Photo: tab1962 (iStock)

Every so often, an unsuspecting customer finds something creepy and/or crawly in their salad greens. Headlines ensue, and we all eat our bagged spinach a bit more warily. It’s even happened to the Queen Of England. But just how common is it to find an animal interloper in your salad? Fear not, researchers are on it.

Before I reveal the numbers, let’s play a little estimation game: Since 2003, how many cases of animal-in-salad have been documented in the news media?

The answer is: 40. Whether that seems low or high to you is a function of how many of these headlines you read, probably. The figure comes via University Of Illinois researchers, who examined every American news report regarding animals in prepackaged produce since 2003, then published their findings in the journal Science Of The Total Environment. They found that out of the 40 incidents, nine involved live animals.

Oh, time for another pop quiz! Which of the following animals did researchers note have been found in salads since 2003?

  • Frog
  • Lizard
  • Snake
  • Mouse
  • Bat
  • Bird

Time’s up! The answer is: All of the above! I’ll wait until you stop retching to award you your prize.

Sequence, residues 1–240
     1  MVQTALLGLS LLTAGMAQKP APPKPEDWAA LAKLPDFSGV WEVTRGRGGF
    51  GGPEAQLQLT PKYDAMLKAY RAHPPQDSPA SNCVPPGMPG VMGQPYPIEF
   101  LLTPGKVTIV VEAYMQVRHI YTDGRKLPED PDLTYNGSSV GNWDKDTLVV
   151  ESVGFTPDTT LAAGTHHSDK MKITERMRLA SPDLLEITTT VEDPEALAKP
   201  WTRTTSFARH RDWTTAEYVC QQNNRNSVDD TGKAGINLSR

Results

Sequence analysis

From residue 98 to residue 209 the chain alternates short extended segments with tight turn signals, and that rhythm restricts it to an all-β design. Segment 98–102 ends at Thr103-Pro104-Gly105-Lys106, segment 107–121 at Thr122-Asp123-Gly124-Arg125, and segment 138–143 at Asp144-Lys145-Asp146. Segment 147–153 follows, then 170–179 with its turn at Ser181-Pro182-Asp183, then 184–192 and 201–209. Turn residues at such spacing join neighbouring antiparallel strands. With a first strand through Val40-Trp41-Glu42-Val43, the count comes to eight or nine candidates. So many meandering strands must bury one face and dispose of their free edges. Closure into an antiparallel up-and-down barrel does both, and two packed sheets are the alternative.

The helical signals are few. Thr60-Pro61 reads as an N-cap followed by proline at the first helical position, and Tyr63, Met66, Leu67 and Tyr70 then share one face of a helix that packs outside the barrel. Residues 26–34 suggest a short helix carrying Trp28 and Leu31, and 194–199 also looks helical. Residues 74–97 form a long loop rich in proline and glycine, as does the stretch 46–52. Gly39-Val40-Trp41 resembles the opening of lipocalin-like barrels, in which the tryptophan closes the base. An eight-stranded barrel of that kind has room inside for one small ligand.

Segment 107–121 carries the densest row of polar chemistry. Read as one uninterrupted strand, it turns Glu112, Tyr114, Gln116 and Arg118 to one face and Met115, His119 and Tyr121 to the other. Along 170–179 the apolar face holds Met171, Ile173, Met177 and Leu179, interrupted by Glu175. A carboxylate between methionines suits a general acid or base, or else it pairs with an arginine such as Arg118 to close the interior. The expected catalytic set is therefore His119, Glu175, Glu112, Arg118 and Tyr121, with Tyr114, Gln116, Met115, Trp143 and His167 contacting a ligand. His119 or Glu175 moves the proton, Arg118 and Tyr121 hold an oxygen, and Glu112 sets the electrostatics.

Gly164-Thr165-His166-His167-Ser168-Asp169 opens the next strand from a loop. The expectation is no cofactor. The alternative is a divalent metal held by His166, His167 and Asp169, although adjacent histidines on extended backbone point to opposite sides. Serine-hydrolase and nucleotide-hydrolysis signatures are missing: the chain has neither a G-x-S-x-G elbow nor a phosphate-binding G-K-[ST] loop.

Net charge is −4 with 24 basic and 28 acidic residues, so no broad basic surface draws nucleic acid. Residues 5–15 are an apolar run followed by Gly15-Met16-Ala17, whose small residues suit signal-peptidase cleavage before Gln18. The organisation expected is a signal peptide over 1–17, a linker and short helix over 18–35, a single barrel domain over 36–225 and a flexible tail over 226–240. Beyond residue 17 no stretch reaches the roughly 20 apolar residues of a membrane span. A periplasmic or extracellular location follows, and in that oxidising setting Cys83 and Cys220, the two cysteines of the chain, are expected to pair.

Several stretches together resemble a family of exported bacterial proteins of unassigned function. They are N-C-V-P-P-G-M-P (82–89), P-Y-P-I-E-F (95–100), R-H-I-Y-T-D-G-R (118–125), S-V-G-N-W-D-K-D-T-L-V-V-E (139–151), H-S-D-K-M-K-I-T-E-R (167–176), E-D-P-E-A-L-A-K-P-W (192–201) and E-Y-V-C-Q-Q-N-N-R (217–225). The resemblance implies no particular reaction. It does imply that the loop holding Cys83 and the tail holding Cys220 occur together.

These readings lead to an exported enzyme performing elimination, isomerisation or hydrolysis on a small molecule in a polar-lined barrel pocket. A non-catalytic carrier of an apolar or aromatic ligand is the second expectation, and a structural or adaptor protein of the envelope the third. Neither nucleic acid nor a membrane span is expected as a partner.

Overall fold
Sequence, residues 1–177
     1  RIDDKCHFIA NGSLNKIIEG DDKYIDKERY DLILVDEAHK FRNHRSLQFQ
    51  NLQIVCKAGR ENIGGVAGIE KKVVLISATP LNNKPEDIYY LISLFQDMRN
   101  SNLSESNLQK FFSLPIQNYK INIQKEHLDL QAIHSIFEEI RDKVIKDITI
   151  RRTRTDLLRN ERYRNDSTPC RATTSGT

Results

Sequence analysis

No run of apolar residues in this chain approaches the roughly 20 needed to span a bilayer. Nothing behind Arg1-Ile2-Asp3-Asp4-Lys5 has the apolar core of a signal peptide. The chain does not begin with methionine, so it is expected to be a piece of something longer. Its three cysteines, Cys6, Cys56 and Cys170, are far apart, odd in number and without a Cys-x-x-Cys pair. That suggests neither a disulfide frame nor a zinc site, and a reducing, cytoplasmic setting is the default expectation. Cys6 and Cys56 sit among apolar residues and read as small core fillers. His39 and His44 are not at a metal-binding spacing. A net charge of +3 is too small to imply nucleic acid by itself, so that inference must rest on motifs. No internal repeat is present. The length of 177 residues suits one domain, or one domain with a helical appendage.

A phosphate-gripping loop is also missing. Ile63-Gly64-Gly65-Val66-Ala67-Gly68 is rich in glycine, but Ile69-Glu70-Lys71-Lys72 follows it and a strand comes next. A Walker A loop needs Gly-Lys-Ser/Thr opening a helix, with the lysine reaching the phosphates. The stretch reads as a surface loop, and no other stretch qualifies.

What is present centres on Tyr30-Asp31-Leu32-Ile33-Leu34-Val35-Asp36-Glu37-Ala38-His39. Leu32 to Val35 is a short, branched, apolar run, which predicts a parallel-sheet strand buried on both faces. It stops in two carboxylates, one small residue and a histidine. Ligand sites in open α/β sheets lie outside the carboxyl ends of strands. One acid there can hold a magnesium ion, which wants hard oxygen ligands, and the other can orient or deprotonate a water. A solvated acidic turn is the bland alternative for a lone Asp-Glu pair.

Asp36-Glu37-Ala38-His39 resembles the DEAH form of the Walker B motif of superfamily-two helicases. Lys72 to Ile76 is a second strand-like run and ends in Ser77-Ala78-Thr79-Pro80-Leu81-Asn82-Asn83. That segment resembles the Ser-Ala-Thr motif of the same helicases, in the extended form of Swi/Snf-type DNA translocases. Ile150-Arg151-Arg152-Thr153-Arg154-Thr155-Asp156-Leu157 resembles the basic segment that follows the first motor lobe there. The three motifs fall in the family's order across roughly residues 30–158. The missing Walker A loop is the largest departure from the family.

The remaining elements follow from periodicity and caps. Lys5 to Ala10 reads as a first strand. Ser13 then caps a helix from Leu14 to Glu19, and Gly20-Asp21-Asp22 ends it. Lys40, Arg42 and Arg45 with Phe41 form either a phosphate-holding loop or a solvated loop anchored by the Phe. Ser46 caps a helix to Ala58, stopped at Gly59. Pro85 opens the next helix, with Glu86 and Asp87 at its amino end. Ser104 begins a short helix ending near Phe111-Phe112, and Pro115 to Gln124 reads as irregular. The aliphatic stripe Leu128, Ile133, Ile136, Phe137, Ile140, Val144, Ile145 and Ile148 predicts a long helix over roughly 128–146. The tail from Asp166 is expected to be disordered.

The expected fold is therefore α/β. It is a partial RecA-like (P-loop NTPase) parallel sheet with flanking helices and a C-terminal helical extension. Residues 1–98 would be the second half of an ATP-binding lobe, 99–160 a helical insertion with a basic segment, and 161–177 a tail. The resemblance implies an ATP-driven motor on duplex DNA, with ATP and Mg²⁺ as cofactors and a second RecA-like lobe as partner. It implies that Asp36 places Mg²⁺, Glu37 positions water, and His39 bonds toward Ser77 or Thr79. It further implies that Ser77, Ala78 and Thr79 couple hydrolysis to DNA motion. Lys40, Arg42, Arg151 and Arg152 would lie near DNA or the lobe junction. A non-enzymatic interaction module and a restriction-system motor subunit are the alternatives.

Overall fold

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Graphic: Science Direct

The takeaway from the report, which also includes this incredible graphic at right, is that more research is needed to determine whether these animals in prepackaged produce represent “a food-safety crisis or a complaint against food quality.” (Why not both, I say.) The study’s authors mention that further research is needed to determine how these animals make their way into the produce, and what can be done to prevent it. They also say that the 40-animal figure is likely underestimating the problem, as there are likely consumers who don’t report finding animals or don’t receive media attention for the incident.

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Wait, one more fun fact before we wrap up: While news reports sometimes make jokes to the effect of “Well, if you buy organic salad, this is what you get,” 72.5% of the animal incidents involved conventional produce.